As previously described with relation to FIG. 5, the liquid storage tanks 1 through 7 have liquid metering systems 44 through 56, respectively, each of which includes a positive displacement pump such as pump 116 of metering system 44 for liquid storage tank 1. Each of the pumps like pump 116 is a hydraulically driven pump, and therefore includes a hydraulically powered pump motor. The pump motor for pump 116 of storage tank 1 is indicated in the upper right hand corner of FIG. 7 by the numeral 270. The flow of hydraulic power fluid to pump motor 270 is controlled by an electric over hydraulic proportional control valve 272. Proportional control valve 272 receives hydraulic fluid under pressure from the main hydraulic supply conduit 268 and then returns hydraulic fluid to a main hydraulic return line 274.

The fluid from return line 274 goes through a thermostatically controlled valve 276 which, depending upon the temperature of the return fluid, either directs it through a cooling radiator 278 or bypasses radiator 278 by bypass line 280, and by either means returns the fluid to sump 256.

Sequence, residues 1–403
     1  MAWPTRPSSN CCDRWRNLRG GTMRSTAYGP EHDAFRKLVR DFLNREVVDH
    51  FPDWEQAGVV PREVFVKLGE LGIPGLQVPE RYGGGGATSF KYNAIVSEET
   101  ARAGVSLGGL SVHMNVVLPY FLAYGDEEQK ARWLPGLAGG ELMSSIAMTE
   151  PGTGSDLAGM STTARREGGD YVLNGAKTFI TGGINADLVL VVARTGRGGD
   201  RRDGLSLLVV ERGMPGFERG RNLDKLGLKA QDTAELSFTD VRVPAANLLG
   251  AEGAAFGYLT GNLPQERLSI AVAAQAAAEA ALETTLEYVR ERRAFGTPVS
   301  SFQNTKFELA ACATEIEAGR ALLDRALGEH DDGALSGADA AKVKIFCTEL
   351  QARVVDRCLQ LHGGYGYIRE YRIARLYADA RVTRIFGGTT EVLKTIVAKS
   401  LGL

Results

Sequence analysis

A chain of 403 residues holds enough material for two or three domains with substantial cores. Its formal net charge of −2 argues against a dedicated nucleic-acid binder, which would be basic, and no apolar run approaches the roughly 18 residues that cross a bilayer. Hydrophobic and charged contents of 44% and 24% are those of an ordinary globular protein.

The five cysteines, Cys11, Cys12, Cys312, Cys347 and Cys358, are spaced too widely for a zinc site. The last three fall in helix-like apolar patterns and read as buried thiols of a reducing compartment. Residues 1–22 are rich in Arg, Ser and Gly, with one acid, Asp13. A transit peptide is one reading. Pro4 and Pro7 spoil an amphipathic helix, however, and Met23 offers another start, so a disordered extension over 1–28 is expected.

Returning now to the description of the hydraulically powered pumps, such as pump 116 of FIG. 5, attention is once again directed to the upper right hand corner of FIG. 7. There seven proportional control valves for controlling the hydraulic pump motors of the positive displacement pumps of metering systems 44 through 56 of liquid tanks 1 through 7, respectively, are shown and indicated by the labeling PCV1 through PCV7, respectively. The proportional control valve 272, which is labeled PCV1, indicates the proportional control valve for tank 1. Similarly, the proportional control valve labeled PCV2 indicates the proportional control valve for the hydraulic pump motor of liquid tank 2.

Proportional control valves PCV1 through PCV7 are physically arranged adjacent each other in a bank of control valves generally designated by the numeral 282, the physical position of which is schematically illustrated in FIG. 3. Each of the proportional control valves PCV1 through PCV7 may be either operated manually or by an automatic control system.

As was previously described with regard to FIG. 6, each of the dry material metering systems 58 through 68 includes a screw conveyor such as screw conveyor 136 and an air lock such as air lock 138. Screw conveyor 136 and air lock 138 each are hydraulically powered and therefore include a hydraulic motor for driving the same.

Referring now to the middle right hand portion of FIG. 7, a second bank of proportional control valves 284 is labeled PCV8 through PCV13. PCV8 controls the flow of hydraulic fluid under pressure to a hydraulic motor 286 for screw conveyor 136 and a hydraulic motor 288 for air lock 138. The hydraulic motors for the screw conveyors are designated by the labels MS, and the hydraulic motors for the air locks are designated by the labels MA.